Brilliant, Chelsea, absolutely brilliant — that was one of the best European performances I’ve seen from an English team for 20 years.
It was multi-dimensional, there were short balls and long balls, they slowed the pace down and sped it up, they were counter-attacking but didn’t defend too deep and it wasn’t far off being the complete performance.
It was the sort of display from the Blues, especially in the first half, that harked back to the great Champions League and European Cup performances of years gone by and was the way, as a fan, I want to see football played.
I hate watching chess on a football pitch so the way Thomas Tuchel set up his team and the way they carried out his orders was absolutely spot on.
They got bodies behind the ball without parking the bus and as soon as they nicked the ball midway through their own half they weren’t just happy to thread little balls five or 10 yards balls to let City get back and give away those tactical free-kicks we know they are capable of.
They fired one long ball over the top, long diagonals from left to right and vice-versa, and, do you know what, I don’t know any defender on the planet who looks comfortable dealing with those kind of passes.
It was great to watch and there were times in the first half when Chelsea were on fire.
All that after it looked early on like it could be one of those nights when Timo Werner and Kai Havertz had five or six chances and missed them all, and they went on to lose 2-0 or 3-0.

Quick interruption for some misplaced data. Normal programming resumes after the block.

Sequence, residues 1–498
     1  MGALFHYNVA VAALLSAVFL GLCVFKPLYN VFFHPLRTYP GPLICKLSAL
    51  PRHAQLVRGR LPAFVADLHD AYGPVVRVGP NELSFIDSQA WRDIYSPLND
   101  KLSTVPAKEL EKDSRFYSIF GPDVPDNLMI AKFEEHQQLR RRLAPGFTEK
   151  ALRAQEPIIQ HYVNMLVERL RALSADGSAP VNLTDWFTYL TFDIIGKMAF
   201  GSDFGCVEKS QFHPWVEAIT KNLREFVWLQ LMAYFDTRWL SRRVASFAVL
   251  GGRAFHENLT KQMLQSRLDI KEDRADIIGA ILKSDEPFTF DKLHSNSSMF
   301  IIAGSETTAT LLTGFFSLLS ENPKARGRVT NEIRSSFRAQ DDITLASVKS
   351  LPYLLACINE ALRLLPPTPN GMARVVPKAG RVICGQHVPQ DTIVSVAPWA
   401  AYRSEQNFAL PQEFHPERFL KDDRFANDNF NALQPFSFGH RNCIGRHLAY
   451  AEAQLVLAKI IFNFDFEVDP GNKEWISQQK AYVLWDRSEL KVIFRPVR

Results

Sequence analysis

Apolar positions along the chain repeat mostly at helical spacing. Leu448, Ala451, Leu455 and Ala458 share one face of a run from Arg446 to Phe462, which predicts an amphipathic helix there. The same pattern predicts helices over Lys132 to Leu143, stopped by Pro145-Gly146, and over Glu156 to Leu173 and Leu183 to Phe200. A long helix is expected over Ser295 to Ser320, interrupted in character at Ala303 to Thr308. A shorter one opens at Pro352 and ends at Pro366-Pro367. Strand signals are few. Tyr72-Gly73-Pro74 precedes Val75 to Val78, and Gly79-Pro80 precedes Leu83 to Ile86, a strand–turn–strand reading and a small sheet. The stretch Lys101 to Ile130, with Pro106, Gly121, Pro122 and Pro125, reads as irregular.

But credit to Havertz for the composure he showed with his goal and to Werner, too, for continuing to make the runs that dragged Manchester City ’s defence this way and that.
The run for the goal in particular was excellent.
Tuchel will have told Havertz and Werner pre-match that this was a one-off and that they had the chance to throw the rest of the campaign in the bin.
That with good performances they could become Chelsea heroes overnight.
And they delivered, reminiscent of Fernando Torres against Barcelona not so long ago.
N’Golo Kante was imperious as well, and Reece James learned from an early mistake and had Raheem Sterling in his pocket.
The referee deserves immense praise as well for a wonderful performance.
The beauty of the result for Chelsea is that, as well as the glory of the night, they are now in pole position when it comes to summer recruitment.
Erling Haaland, Jack Grealish, Harry Kane… all of a sudden, you can tell them Chelsea are back and dangle the carrot of trophies.
There was a time Chelsea could almost guarantee silverware to new recruits and you just know they will be on the phone now offering that up and, in Grealish and Haaland’s case, the chance to live in London as well.
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The chance to play for Tuchel has to appeal to players, too, and huge credit to him for everything he has done since arriving in January.
When you come in during a season and you’re replacing a legend, as he did in Frank Lampard, the only way you can get fans off your back is by stopping the team conceding goals and he did that straight away.
He knew he had the players to win games and he set about stopping the problems at the other end — it has paid off for him and then some.
You have to take your hat off to Lampard as well, a rookie manager who identified the talent and put together a team to win the Champions League.
One that did it in style against the great Pep Guardiola, the unbeatable Manchester City, with some wonderful football.
Quite simply, they bullied City into submission with a brand of the game that reminds us for all the pretty passing teams love to play these days, one quick ball over the top can still kill any defender on the planet.